FIT5900 : Lecture 4 – Introduction to HCI

In the previous lecture:

In this lecture:

Q:Why are so many human-made devices so difficult to learn, understand and use?

A: Bad or inappropriate design.

Q: Should users accept bad design?

A: No.

Q: How do we judge quality of design? How do we design better?

A: ?

Human-Computer Interaction (HCI)

Objects that ‘work’ offer a psychology of use that is intuitive and ‘natural’.

Good design defuses the tension between functional and aesthetic goals.

In any real-life situation there are always competing pressures on cost, quality and time.


An Introduction to Cognitive Engineering

References: Norman, D. The Design of Everyday Things,
Doubleday, New York 1990.


Affordance of objects: perceived and actual properties (mainly functional) that determine how the object can be used. Different materials have different natural affordences (that we have learnt largely through our interaction with the world). Balls are for throwing, knobs are for turning, glass is for looking through (and breaking). Complex things require explanation — simple things do not. If simple things require pictures, labels, or instructions, the design has failed. Make the affordances visible.

One estimate states that we "know about" over 30,000 discernable objects.

Constraints — limit the possible ways in which functionality can be interpreted (e.g. holes in scissors vs. functions on a digital watch). The more possible interpretations, the more difficult things are to use.

Mappings — relationships between things. For example: controls, their movements, and the results in the world. (e.g. steering wheel on a car). Natural mapping leads to immediate understanding because it takes advantage of physical analogies (folk physics) and cultural standards: a close and natural relationship between control and function.

Physical Analogy

Cultural Standard

Turning a car wheel

Moving a lever up moves the object up (fork lift).

Rising level means more

Lowering level means less

Light switch (down is on, up is off in Australia)



Many good designs also provide appropriate feedback to confirm the users mental model of operation.

The above three qualities arise largely from visual structure. They help build good Conceptual Models: mental models of operation. The users conceptual model may not always match that of the designers. With a good conceptual model, we are able to anticipate and understand the consequences of our actions. When something goes wrong and we do not understand why, then that is a good indication of a bad conceptual model.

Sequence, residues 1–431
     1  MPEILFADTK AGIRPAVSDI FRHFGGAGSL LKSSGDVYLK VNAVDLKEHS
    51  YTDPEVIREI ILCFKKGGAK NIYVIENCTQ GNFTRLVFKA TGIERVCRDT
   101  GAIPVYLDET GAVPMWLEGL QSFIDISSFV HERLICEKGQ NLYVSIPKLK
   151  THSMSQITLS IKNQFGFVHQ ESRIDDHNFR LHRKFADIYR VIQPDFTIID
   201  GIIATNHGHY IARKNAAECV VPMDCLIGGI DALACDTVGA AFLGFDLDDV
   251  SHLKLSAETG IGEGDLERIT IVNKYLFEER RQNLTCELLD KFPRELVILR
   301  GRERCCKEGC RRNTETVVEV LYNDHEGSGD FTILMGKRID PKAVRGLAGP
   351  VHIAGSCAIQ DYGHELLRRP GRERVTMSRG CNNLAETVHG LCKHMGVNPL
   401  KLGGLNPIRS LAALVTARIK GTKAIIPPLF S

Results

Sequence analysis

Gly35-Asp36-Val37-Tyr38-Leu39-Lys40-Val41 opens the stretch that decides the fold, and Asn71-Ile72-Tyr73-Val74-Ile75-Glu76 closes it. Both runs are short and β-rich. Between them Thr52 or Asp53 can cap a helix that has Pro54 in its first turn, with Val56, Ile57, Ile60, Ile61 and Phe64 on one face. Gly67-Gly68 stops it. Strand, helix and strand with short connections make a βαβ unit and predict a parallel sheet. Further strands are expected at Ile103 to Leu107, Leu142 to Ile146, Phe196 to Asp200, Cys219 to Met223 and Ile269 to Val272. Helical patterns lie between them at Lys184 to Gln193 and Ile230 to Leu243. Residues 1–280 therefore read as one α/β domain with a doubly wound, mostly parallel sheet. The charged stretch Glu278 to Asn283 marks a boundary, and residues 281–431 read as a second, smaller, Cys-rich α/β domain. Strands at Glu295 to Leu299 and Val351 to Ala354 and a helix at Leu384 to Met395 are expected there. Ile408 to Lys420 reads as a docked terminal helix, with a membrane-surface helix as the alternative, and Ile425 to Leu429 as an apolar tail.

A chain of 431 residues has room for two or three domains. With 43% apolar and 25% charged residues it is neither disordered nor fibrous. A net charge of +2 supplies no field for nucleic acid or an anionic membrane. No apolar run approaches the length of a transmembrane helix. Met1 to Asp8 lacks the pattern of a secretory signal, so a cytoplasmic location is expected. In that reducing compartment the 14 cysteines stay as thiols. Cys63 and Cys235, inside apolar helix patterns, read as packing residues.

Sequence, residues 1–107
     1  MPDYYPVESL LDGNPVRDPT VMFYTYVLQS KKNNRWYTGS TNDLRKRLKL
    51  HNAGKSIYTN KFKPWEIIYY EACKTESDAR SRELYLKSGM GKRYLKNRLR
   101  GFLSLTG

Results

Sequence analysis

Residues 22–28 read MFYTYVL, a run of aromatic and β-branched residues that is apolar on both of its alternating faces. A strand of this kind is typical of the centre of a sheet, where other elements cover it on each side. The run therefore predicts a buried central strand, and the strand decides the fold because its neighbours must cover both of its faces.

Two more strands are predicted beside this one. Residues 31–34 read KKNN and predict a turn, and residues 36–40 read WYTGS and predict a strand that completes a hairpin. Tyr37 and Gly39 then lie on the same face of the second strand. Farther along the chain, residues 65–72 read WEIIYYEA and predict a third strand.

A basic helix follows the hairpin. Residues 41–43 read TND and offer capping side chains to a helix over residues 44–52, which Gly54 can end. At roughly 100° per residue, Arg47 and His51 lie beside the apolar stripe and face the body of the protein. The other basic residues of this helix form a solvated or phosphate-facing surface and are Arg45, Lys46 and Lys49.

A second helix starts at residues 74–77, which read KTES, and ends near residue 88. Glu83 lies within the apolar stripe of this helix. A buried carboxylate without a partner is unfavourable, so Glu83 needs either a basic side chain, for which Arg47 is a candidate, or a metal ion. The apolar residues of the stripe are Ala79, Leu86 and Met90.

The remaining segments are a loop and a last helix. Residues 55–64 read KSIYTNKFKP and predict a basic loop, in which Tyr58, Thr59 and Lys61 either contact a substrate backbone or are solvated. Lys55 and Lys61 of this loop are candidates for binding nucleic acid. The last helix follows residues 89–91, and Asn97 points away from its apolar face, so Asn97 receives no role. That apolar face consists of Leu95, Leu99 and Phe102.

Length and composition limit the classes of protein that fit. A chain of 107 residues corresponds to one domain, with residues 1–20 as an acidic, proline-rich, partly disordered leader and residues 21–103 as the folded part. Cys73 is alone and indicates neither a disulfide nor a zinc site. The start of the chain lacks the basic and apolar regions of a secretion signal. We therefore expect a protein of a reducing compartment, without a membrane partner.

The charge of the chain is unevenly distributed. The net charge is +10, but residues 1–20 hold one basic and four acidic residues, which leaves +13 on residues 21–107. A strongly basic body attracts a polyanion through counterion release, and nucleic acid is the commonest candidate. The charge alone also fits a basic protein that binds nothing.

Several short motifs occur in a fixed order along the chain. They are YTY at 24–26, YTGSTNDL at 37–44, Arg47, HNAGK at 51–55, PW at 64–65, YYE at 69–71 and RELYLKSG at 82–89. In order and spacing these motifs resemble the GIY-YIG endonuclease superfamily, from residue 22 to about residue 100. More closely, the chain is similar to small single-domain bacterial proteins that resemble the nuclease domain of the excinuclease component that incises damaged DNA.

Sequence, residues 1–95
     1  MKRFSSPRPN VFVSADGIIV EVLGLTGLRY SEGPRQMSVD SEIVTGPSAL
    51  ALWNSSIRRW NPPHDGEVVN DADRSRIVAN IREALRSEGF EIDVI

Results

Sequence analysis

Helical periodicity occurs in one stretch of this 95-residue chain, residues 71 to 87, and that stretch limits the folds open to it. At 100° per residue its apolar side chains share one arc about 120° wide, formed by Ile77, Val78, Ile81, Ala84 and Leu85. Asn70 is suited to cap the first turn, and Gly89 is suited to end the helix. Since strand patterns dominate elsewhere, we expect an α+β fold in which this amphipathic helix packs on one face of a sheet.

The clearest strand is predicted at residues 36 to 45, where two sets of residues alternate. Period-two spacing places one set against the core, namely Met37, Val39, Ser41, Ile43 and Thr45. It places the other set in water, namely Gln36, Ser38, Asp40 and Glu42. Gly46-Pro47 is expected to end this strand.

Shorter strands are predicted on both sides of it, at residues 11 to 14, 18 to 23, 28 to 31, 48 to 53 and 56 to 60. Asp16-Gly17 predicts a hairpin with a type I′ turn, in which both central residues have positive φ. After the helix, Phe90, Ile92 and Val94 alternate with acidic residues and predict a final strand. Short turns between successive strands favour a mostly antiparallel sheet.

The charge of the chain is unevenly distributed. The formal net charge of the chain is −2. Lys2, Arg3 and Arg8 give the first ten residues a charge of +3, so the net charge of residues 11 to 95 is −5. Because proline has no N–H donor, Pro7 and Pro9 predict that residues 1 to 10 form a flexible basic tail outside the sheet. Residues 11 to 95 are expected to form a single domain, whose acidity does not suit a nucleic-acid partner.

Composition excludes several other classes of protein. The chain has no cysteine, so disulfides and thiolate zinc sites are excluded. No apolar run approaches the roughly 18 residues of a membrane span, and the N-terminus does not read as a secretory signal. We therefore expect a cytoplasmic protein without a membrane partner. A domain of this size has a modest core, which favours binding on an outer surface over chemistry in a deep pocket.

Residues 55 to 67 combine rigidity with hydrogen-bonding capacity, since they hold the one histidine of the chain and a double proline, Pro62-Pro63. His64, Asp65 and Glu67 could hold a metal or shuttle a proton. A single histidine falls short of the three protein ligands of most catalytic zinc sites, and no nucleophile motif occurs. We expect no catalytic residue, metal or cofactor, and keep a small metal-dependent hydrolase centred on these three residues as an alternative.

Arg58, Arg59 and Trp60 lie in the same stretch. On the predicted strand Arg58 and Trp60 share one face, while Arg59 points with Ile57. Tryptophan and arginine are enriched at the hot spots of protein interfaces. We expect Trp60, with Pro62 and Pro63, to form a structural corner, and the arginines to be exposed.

The users conceptual model is formed through interaction with the device and the system image (physical structure, including documentation, instructions and labels).


The action cycle: execution and evaluation.

Design questions:

How Easily Can One:

Determine the Function of the Device

Tell What Actions are Possible?

Tell if the System is in the Desired State?

Determine Mapping from Intention to Physical Movement?

Determine Mapping from System State to Interpretation?

Perform the Action?

Tell What State the System is In?



Much knowledge is "in the world" not "in the head". Most of our "in the head" knowledge is vague and imprecise. (e.g. try to remember the layout of the QWERTY Keyboard).

Information a person needs to perform a task: put as much in the world as possible. Use physical and cultural constraints.

Types of knowledge:

Declarative knowledge: knowledge of (facts and rules, e.g. stop at red lights)

Procedural knowledge: knowledge how (process and method, e.g. catch a soccer ball).

Knowledge in the world:

Knowledge in the head:

Applications to Multimedia and User-Interface Design

Visibility: make the functions clear. Differentiate opposing functionality. Use visual function to confirm the users mental model of operation. Sometimes sound can be used to make things ‘visible’ (e.g. vacuum cleaner clogging up).

Feedback: give actions immediate feedback, to reinforce the users mental model.

Design for error — people make mistakes for many reasons. Good design accepts mistakes as a normal part of operation and accommodates them.

• Try to minimize the causes of error by understanding them.

• Make actions reversible (undo).

• Make it easier to discover when errors do occur and make the easier to correct.

• Think of actions as approximations of what is desired, not of user errors.

Forcing Functions — provide constraints of operation in certain situations.

"In theory, an interface designer adopts a metaphor as a means of making the application easier to learn. This theory is based on the premise that the user will be able to transfer his or her knowledge of a familiar object structure to the new application. In practice however, an interface designer often adopts a metaphor as a means of expressing his or her model of how the system is organized. That the metaphor might make the application easier to use is often an after-the-fact and unsubstantiated rationalization of the design." (Interface Hall of Shame)


Some web sites of interest:

This lecture's key point(s):

An understanding of cognitive design can assist in creating high-quality, user-centered objects, interfaces and multimedia.

FIT5900 courseware | FIT5900 lecture notes

©Copyright Alan Dorin & Jon McCormack 1999,2000